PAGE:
Hangin’ around (hangin’ around)
Nothin’ to do but frown
Rainy days and Mondays always get
Me down

Source: LyricFind
Songwriters: Paul H. Williams / Roger S. Nichols
Rainy Days and Mondays lyrics © Universal Music Publishing Group

♫ Moon River ♫

Some songs, I think, are simply timeless … or perhaps it is just that I am old and nostalgia has taken hold of my mind today.  I’ve been in a dark place of late … I see too much wrong in the world and realize that my small contributions toward righting the wrongs are pretty irrelevant.  So, tonight I went searching for a song that would take me back to another time … not necessarily a simpler or better time … just a different time.

This was used as Audrey Hepburn’s theme song in the 1961 movie Breakfast at Tiffany’s. Hepburn sings the song in the movie, and many have recorded this, including Andy Williams and Frank Sinatra, but the one that made the charts in 1961 was Jerry Butler’s version.  Butler’s version reached #11 in the U.S. and #14 in Canada, but it was South African singer Danny Williams’ version that topped the charts at #1 in the UK.  I listened to Danny Williams’ version and frankly, I liked it better than the rest!  I had never heard of him before, but his voice is as silk.

Henry Mancini wrote this song with lyricist Johnny Mercer. The original title was “Blue River,” but Mercer found out another songwriter was using that title.  Moon River is a real river in Savannah, Georgia, where Mercer grew up. His home overlooked the river and he had fond memories of the place. At the time, the river was known as The Back River, but was renamed Moon River in honor of the song, and Johnny Mercer’s home along the river became known as the Moon River House.  According to Mancini …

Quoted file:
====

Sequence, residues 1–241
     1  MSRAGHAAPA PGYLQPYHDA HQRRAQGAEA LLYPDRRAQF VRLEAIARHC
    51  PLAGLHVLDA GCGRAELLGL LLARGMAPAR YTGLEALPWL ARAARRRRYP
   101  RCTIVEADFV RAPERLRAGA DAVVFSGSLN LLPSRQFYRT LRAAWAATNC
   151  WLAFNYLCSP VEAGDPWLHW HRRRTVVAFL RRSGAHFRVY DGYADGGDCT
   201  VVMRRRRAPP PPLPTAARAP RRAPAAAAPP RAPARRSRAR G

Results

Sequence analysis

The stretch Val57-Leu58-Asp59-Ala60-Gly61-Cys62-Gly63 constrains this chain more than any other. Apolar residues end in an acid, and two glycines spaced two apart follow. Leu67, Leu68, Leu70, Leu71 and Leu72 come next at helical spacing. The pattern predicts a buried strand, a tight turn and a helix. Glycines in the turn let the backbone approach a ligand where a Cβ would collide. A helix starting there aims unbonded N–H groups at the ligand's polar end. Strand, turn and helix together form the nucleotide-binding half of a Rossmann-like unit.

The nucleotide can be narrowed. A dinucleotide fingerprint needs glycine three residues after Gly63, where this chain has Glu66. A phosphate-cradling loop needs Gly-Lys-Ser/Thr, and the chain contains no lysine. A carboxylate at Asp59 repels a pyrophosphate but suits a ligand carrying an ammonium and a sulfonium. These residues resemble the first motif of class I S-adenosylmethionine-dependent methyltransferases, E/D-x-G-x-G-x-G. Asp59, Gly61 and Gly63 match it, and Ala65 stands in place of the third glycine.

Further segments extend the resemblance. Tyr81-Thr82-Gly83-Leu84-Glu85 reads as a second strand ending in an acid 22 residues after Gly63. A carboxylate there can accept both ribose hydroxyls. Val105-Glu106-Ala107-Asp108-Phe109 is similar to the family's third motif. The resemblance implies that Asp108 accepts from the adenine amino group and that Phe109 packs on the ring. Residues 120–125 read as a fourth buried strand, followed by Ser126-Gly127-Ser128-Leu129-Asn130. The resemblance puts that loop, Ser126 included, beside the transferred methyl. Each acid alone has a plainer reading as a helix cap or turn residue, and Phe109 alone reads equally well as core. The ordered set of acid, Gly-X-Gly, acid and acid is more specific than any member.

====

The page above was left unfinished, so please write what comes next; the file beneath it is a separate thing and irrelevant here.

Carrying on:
“I reckon I’ll have made around $100,000 on ‘Moon River’ within the next two years or so. It took me about 30 minutes to compose. It had to be in keeping with the character of Holly Golightly, the star of Breakfast at Tiffany’s, and I had to bear in mind the limitations of Audrey Hepburn’s voice. I worked the whole song round a simple guitar basis, although the guitar isn’t heard much during the number.”

Danny Williams originally refused to sing it, saying that Johnny Mercer’s lyrics were nonsensical. But he saw the film and was so moved by it that he relented. Williams died of cancer on 6th December 2005.

With so many good versions to choose from, I was torn.  So, I am giving you a choice tonight, between Jerry Butler’s, Andy Williams’, and Danny Williams’.  Listen to one, to all, or to none … let me know what you think.

Moon River

Moon river, wider than a mile
I’m crossing you in style some day
Oh, dream maker, you heart breaker
Wherever you’re goin’, I’m goin’ your way

Two drifters, off to see the world
There’s such a lot of world to see
We’re after the same rainbow’s end, waitin’ ’round the bend
My huckleberry friend, moon river, and me

Moon river, wider than a mile
I’m crossin’ you in style some day
Oh, dream maker, you heart breaker
Wherever you’re goin’, I’m goin’ your way

Two drifters, off to see the world
There’s such a lot of world to see
We’re after that same rainbow’s end, waitin’ ’round the Bend
My huckleberry friend, moon river, and me

Writer/s: Johnny Mercer, Henry Mancini
Publisher: Sony/ATV Music Publishing LLC